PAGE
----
But beyond this, if you believe the constitution gives you a “right” to riot, you shouldn’t go around calling yourself a cultural conservative, because you are not. You are just a politically homeless anarchist not unlike Antifa and BLM. As I said in my last post, most MAGA dead-enders will respond to much of this by saying they just want what is “fair” – which is apparently the ability to riot without accountability like any other anarchist group in the country. Their idea of “fairness” somehow doesn’t include anyone besides them, like the people who want to live in a decent and peaceful society that doesn’t involve, you know, trashing public spaces.

You also cannot claim that this was the only way to “observe the process” in the name of institutional integrity or whatever. The proceedings were televised, for crying out loud. Every American who wanted to see what was happening and what people were saying could watch. Just like every American who did not like the way things were handled had platforms through with they could contact their representatives and make those opinions known. This is how you behave in a civilized society, folks.

Most of these folks stupidly left extensive online trails. It was clear before the event even happened that many of them were hungry for some form of violence and social unrest. I’m not sure that is apparent to observers who are not Aggressively Online, but it’s true.

I like to tell people about a couple of Facebook groups an online acquaintance (if she can be called that, as I never met her in real life) added me to without my permission. I did not belong to any explicitly political groups before that, and it proved to be quite the eye-opening experience. I suddenly understood all of the media caricatures of MAGA folks as bigoted authoritarians. All day long these folks posted about preparing for the coming civil war, the mechanics of how it would unfold, which parts of the country had all the guns, how they would starve off the populations of California and New York (apparently they did not know agriculture is a major component of California’s economy and that Kansas is not filled with fields of spinach), blah blah blah. I started to look at some conservative publications differently, especially The Federalist. People like me were obviously not the target market for the “national divorce” chatter – these groups were. I loathe the phrase “dog whistle,” but in this context it applies.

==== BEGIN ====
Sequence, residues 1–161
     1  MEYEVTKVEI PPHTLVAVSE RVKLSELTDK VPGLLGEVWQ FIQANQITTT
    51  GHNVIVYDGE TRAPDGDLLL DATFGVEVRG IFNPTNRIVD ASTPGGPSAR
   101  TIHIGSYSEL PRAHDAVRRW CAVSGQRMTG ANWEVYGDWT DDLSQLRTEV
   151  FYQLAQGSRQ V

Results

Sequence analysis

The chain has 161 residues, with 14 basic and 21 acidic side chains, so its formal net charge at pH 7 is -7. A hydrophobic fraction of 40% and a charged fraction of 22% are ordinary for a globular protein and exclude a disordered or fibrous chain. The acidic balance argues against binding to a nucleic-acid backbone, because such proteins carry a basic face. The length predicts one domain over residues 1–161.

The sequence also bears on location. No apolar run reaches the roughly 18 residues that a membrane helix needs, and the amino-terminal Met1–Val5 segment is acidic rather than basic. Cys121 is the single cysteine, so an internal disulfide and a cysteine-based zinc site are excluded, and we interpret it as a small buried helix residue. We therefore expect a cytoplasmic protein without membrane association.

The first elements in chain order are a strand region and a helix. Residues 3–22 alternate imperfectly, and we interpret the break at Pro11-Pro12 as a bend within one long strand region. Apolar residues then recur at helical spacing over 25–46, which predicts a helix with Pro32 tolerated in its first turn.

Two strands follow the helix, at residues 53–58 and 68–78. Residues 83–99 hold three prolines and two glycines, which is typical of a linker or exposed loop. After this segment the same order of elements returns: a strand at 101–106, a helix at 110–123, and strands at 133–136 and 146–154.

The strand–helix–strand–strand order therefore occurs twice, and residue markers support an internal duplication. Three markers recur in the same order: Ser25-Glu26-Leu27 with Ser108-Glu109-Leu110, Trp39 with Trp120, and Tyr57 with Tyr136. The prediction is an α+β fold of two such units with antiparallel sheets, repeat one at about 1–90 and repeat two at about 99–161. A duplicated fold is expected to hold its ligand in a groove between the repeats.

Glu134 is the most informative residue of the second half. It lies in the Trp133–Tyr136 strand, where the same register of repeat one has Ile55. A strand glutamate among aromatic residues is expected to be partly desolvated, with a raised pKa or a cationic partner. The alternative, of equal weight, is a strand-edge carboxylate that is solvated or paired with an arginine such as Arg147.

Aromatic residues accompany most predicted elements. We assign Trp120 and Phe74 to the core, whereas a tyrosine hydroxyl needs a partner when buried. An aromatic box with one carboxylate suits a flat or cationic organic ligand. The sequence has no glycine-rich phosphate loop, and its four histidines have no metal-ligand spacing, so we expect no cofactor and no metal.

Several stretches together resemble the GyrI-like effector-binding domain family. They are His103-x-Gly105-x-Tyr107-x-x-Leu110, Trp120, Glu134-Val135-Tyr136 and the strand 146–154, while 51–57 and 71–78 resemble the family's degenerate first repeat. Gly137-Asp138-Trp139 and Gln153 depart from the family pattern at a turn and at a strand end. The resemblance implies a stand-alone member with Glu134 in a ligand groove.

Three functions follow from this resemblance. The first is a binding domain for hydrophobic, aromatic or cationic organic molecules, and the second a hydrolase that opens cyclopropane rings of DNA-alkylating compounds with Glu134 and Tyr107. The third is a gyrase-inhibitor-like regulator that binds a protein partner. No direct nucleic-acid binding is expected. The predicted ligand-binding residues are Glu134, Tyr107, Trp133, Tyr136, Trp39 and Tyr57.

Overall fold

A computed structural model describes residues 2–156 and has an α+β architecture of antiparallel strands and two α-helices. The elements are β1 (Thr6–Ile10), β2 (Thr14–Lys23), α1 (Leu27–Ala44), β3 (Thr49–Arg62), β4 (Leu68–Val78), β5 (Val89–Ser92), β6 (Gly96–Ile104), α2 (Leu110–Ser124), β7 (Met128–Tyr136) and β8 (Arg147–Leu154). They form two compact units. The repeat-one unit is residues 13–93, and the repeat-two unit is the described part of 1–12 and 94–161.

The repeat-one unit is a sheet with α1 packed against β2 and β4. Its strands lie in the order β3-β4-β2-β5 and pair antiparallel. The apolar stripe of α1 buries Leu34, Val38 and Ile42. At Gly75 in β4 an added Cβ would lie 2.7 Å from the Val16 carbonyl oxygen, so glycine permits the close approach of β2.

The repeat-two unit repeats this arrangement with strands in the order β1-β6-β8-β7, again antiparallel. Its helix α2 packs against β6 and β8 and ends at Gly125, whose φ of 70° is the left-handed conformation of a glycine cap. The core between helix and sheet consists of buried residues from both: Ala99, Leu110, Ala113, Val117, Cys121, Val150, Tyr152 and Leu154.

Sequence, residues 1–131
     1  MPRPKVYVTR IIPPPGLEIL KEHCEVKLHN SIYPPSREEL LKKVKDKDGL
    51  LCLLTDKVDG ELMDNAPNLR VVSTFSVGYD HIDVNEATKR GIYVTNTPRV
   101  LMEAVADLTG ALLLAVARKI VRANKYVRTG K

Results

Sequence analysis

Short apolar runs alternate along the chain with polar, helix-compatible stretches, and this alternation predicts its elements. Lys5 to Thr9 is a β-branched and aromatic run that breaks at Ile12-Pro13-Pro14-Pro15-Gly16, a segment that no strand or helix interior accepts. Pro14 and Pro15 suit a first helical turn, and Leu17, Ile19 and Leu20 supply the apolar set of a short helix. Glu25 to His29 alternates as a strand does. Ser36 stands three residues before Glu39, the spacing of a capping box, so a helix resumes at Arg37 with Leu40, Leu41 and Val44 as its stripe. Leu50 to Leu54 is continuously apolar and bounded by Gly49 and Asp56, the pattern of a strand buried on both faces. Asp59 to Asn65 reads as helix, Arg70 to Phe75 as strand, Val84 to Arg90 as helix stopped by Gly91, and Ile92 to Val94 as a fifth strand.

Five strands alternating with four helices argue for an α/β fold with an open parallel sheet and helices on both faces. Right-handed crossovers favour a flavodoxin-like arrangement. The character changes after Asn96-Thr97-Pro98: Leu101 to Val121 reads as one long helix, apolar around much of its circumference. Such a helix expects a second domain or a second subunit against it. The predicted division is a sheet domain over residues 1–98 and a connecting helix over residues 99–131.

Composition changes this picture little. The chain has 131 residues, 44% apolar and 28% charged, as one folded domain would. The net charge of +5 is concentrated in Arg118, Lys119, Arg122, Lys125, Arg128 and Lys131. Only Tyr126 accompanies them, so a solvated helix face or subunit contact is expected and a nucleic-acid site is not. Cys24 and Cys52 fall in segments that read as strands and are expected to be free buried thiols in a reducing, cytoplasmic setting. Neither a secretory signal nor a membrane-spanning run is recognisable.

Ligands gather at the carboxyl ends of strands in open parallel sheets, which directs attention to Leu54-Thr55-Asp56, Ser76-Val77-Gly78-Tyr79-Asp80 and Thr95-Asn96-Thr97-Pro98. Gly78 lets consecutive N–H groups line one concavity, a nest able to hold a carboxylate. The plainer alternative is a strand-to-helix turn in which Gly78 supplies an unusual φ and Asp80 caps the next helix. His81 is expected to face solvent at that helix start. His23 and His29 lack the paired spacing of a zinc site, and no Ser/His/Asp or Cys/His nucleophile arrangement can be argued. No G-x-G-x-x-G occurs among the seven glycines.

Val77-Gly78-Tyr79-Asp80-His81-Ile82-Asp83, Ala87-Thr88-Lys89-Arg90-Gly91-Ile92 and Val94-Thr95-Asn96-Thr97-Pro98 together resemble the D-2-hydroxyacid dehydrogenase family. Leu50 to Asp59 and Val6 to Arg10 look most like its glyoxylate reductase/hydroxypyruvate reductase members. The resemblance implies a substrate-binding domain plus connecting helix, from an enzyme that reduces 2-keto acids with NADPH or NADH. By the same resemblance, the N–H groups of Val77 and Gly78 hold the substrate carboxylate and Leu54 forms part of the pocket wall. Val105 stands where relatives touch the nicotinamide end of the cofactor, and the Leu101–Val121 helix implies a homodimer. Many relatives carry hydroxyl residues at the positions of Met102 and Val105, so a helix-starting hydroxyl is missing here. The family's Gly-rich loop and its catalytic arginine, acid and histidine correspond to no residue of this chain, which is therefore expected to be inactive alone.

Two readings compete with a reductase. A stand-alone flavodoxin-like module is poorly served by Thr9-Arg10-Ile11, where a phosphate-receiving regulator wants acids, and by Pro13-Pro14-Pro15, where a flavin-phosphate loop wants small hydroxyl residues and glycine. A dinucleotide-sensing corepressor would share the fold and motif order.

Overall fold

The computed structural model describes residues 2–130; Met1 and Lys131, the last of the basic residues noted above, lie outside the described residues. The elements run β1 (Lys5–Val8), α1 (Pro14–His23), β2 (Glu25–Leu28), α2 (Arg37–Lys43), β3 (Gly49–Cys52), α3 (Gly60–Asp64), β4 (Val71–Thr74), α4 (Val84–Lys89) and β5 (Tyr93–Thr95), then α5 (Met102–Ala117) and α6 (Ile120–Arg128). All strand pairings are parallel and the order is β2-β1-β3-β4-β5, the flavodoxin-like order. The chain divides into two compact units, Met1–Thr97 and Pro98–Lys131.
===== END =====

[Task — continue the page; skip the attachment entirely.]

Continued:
I did eventually get bored with hate-following these groups and eventually left. I also unfollowed a lot of the people I had met online through this acquaintance, who seemed relatively normal in their public feeds but were baring their Confederate re-enactor souls in Facebook groups. It was clear these people were trouble, and I did not want myself and my family swept up in their social connections when it inevitably happened.

On my way out, I could not resist mocking them, however. “You dumbasses realize Zuckerberg is just going to hand all your conversations over to the FBI. You probably have feds in this group [with thousands of members, most of whom don’t know each other in real life] watching all the garbage you are saying.” Or something to that effect. I mean, it would take a Big Tech programmer about 30 seconds to write an algorithm that crawls pages for key words and harvests conversations to pass to law enforcement. But many of these folks were not even remotely sophisticated people, and a not insignificant number of them think they are protected by God and DuckDuckGo, so they don’t really think about how the magic of online communication or all the smart devices in their homes work. Talking all helter-skelter is just so much fun! What’s the harm in a little soldier cosplay among “friends”?